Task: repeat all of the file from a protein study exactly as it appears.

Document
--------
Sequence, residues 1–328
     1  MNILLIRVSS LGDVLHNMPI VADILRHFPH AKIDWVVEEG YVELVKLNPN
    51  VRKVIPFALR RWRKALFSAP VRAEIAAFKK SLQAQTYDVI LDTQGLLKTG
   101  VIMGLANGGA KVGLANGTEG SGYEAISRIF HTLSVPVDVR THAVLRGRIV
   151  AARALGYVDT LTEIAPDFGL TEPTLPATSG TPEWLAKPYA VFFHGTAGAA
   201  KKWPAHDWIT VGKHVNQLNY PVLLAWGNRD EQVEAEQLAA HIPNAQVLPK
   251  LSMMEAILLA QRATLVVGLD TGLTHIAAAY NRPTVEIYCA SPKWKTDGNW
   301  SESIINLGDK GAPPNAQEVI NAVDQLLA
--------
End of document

Sequence, residues 1–328
     1  MNILLIRVSS LGDVLHNMPI VADILRHFPH AKIDWVVEEG YVELVKLNPN
    51  VRKVIPFALR RWRKALFSAP VRAEIAAFKK SLQAQTYDVI LDTQGLLKTG
   101  VIMGLANGGA KVGLANGTEG SGYEAISRIF HTLSVPVDVR THAVLRGRIV
   151  AARALGYVDT LTEIAPDFGL TEPTLPATSG TPEWLAKPYA VFFHGTAGAA
   201  KKWPAHDWIT VGKHVNQLNY PVLLAWGNRD EQVEAEQLAA HIPNAQVLPK
   251  LSMMEAILLA QRATLVVGLD TGLTHIAAAY NRPTVEIYCA SPKWKTDGNW
   301  SESIINLGDK GAPPNAQEVI NAVDQLLA